Big game requires prepping

| January 30, 2014 | 0 Comments


Lisa Smith Molinari, Contributing Writer

Panic has set in.

Military folks everywhere will be mobbing the commissaries for necessary supplies and stockpiling items in their cabinets, pantries and refrigerators.

Is there another Herculean Arctic superstorm headed our way? Is a typhoon spinning its way eastward across the Pacific? Well, no.

But seeing as the Super Bowl is the second largest day for U.S. food consumption after Thanksgiving, there is a perfectly good reason why people are shoving old retirees out of the way to grab the last jar of queso dip. After all, a bowl day without the traditional football-watching foods would be downright catastrophic.

So, as the mother of an Eagle Scout, I feel obligated to warn everyone to “Be prepared.” Before you take on the pre-Bowl crowds at the commissaries, be sure to ready the home front.

Clear the refrigerator of useless items, such as milk, eggs, fruits and vegetables. Other than a few sticks of celery to accompany the wings, toss any unprocessed foodstuffs that are taking up precious space needed for bowl day essentials.

Once the kitchen has been purged of all healthy, vitamin-fortified, low-fat, fiber-rich foods, it’s time to mentally prepare for what you might encounter at the commissary.

Like a Roman Gladiator ascending the catacombs of the Coliseum, like the Duke of Wellington about to face Napoleon’s army at Waterloo, like “The Real Housewives of New Jersey” sitting down to dinner — you must be ready to wage a battle of epic proportions.

As you jot down the arsenal of foods needed for Super Bowl sustenance, breathe deeply and meditate on the past. Gone are the archaic bowl days of yesteryear, when football fans survived on outdated canned-meat party sandwiches, pimento cheese spreads and gelatin salads.

Thanks to modern advances in processed cheese technology, the invention of Buffalo wings (origins are “hotly” debated) and the mass-production of tortilla chips in 1994, we are fortunate to have a proliferation of delicious modern bowl day snack foods at our disposal.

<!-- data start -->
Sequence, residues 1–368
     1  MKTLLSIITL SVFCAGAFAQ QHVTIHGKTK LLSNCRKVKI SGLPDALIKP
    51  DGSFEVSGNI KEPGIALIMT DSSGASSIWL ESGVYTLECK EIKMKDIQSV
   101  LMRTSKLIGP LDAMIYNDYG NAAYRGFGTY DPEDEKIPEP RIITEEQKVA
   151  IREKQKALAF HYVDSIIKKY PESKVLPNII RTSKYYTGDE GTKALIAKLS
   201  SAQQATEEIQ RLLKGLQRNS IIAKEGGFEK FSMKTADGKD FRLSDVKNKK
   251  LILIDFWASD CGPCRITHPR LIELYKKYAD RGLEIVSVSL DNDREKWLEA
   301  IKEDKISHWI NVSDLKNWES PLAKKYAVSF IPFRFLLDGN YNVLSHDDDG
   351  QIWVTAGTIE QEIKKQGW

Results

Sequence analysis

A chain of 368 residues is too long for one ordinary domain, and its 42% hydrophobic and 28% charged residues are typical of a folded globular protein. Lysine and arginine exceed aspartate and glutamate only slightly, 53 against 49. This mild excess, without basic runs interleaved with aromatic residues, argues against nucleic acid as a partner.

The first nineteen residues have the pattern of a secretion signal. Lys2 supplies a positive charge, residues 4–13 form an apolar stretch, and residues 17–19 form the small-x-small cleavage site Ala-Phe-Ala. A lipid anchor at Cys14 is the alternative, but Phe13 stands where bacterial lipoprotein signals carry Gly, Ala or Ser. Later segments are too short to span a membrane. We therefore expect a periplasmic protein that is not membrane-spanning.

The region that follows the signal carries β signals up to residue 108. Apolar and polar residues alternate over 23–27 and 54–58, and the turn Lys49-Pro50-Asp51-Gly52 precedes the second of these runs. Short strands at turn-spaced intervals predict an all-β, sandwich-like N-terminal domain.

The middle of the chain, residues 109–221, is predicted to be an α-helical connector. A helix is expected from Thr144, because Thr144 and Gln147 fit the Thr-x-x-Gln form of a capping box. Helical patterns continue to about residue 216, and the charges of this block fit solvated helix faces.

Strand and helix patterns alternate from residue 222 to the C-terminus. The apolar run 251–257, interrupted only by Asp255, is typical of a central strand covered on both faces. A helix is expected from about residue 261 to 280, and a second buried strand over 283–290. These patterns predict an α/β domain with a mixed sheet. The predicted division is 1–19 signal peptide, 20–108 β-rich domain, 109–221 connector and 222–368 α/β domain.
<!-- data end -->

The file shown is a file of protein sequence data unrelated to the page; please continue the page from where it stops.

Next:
Presuming you can find an available shopping cart without committing aggravated assault, enter the commissary with a strategy. Don’t just join the stream shoppers like some kind of amusement park pony; strike out on your own and hunt down your targets.

Unlike every other commissary trip, it is actually a good idea to bring the kids. As your secret weapons, they will enable you to divide and conquer. Send each one on a mission: “Lilly, you’re going in for three jars of salsa. Anna, you’re in charge of peanuts. Hayden, you’re almost a man now, so I’m trusting you to find those little smoked sausages for pigs in a blanket. Can you do it?”

“Yes, ma’am!”

“Now, GO, GO, GO!”

With your cart filled to the brim with every snack food known to modern man, head to the check out lanes, but do not waste precious time standing in line. Simply feign some kind of cardiac episode — ala Fred Sanford’s “It’s the big one, Elizabeth!” — and fellow shoppers will surely let you cut in line, so you can get the glycerin pills “left in the car.”

It might sound far fetched, but when they see all the pork products and processed cheeses in your cart, they’ll be convinced that your arteries are harder than a coffin nail and guide you to the head of the line.

Finally at home with your snack foods stockpiled and beverages chilling, you can finally breathe easy, knowing that you can eat your face off come Sunday, Feb. 2nd.

(A 20-year military spouse and mother of three, Molinari has plenty of humor to share in her column, “The Meat and Potatoes of Life,” which appears in military and civilian newspapers and at

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